In this scenario, you won't be able to file for the deduction until you really have possession of the property. But you won't be able to take advantage of this perk if you've already started paying the principle amount before you've even taken ownership of the property. In addition, repayments for loans received from family and friends do not qualify for this deduction under any circumstances.

In addition to this, the property taxes that you pay on all of your residential accommodations are eligible to be deducted from your income when you file your taxes. You are only allowed to use the money that was really paid to an appropriate government entity, not the amount that was put into escrow by the lending institution.

Make an appointment with your tax preparer as soon as possible to verify that you are eligible to claim the correct tax deductions so that you can enjoy exact tax deductions.

Properties as a form of investment

If you use your homes as investments and, more importantly, if you hire a property management business to handle the more laborious tasks on your behalf, then you will be able to take advantage of passive income. These profits may even be adequate enough to enable you to retire earlier than you had planned or take the trips that you have always dreamed of taking on vacation. If you hired a real estate manager to handle the renting of your property, you may increase the likelihood of finding a good tenant rather than simply any tenant.

You can lower the risk associated with the generation of income by investing in a variety of assets. Even if you were to lose your renter, you would still have other properties that were rented out and receive payments from renters, so you would continue to get income. In addition to this, having numerous properties enables you to experience a greater profit because you are able to obtain various accommodations at a reduced interest rate as opposed to owning a single accommodation at a higher rate.

Financial matters

When you own a single piece of real estate, it can be a little inconvenient when things require repair so that you can come up with the funds you need to pay for them. On the other hand, if you have a number of properties in your portfolio, you can use one of them to finance another. For instance, if you are ready to invest in another asset, the equity value in one of your houses might help you make the down payment for a new asset that you are considering acquiring. This is because the equity value in the first house is used as the basis for the calculation.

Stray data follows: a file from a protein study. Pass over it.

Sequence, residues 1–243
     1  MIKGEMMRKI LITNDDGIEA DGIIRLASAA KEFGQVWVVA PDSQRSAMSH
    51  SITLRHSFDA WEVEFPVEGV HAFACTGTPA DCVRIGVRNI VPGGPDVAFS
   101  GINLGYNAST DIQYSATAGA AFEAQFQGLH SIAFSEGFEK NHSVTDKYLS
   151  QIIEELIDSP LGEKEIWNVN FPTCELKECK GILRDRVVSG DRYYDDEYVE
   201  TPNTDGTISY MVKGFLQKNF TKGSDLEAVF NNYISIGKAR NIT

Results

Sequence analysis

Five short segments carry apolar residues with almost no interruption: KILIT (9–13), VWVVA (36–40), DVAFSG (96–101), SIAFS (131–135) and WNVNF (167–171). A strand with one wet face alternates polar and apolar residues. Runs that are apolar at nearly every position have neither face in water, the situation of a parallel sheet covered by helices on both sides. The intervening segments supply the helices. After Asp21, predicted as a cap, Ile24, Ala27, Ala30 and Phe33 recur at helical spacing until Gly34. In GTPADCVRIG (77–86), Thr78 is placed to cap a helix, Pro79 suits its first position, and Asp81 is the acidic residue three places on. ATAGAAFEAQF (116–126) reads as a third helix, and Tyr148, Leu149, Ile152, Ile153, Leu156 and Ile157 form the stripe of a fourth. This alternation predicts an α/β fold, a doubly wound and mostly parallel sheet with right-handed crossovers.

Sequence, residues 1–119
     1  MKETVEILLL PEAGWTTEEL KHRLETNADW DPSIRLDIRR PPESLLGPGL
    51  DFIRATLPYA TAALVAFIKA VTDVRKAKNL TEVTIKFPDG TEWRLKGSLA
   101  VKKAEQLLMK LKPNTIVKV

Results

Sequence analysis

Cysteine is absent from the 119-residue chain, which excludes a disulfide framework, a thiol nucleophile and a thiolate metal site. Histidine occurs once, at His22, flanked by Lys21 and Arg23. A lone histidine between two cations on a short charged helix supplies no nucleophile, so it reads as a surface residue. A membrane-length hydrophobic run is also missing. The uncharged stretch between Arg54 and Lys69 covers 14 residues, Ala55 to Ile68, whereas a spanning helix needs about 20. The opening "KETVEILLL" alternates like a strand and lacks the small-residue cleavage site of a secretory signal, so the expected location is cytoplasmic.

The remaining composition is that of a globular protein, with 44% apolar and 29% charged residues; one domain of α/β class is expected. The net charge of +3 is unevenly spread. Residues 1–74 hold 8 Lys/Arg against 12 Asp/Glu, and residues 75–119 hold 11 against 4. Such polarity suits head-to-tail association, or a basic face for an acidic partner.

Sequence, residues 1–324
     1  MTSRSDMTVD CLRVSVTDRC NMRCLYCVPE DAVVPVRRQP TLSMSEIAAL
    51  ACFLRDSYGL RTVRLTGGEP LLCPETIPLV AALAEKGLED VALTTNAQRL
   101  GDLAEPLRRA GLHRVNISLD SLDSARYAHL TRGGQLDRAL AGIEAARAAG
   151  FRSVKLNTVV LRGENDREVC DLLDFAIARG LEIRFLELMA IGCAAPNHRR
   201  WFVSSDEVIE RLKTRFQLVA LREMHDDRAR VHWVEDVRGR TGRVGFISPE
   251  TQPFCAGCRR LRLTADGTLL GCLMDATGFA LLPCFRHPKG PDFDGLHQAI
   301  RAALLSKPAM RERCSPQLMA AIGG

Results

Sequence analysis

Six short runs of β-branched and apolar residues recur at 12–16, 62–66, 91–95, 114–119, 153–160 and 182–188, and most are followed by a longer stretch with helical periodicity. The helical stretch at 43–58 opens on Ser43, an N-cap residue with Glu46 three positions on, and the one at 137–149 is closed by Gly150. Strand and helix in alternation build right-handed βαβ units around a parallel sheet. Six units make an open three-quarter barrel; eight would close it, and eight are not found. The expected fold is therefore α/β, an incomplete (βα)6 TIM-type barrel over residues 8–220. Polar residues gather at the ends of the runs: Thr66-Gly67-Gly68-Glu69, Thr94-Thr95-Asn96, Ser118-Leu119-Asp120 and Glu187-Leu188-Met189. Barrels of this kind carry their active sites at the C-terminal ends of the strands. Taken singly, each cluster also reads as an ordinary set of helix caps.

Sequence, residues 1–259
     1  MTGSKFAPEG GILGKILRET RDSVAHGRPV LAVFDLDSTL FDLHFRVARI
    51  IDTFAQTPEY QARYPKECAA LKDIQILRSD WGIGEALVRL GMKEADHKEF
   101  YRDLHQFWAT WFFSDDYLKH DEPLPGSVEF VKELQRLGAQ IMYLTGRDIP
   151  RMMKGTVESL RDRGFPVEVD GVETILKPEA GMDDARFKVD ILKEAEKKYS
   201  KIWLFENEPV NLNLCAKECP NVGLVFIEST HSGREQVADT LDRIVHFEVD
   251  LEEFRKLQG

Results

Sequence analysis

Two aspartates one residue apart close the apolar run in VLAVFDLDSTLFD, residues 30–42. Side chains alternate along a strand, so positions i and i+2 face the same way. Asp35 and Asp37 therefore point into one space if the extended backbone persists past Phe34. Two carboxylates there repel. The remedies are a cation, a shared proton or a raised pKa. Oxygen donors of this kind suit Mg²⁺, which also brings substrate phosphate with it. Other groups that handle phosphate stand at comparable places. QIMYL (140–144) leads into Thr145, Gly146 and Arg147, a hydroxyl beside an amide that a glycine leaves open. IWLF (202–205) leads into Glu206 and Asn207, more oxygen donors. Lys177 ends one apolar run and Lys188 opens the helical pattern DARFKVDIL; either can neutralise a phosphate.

Because it is a proven truth that having several houses comes with a variety of advantages that can help an individual build their savings, you ought to give serious consideration to investing in real estate if your current financial situation enables you to do so. However, before making the ultimate choice, it is best to get advice from a professional in order to prevent any kind of difficulties that may arise in the long term.

The Positive Aspect of the Arguments in Favor of and Against Owning Multiple Properties

When discussing the benefits and drawbacks of owning numerous properties, the majority of investors' first thought is that it is advantageous to have the ability to keep all of the income as well as the appreciation in the value of the properties. This is wonderful news when the properties in question are producing a significant amount of income. If there was always a positive income flow and there was no risk associated with owning real estate, then everyone would want to buy many homes. The ownership of property is not without its inherent dangers, that much is a fact. When the market crashed between 2008 and 2011, we all received a clear image of this for the first time. There is unquestionably a level of danger involved with owning property.

For this reason, I want to control properties without actually owning them in order to keep the amount of financial risk that I am exposed to a minimum. Because of this, the lease option or the sandwich lease option, both of which I frequently write about, are the ones that I favour the most. Let's take a closer look at the benefits as well as the drawbacks of owning various pieces of real estate.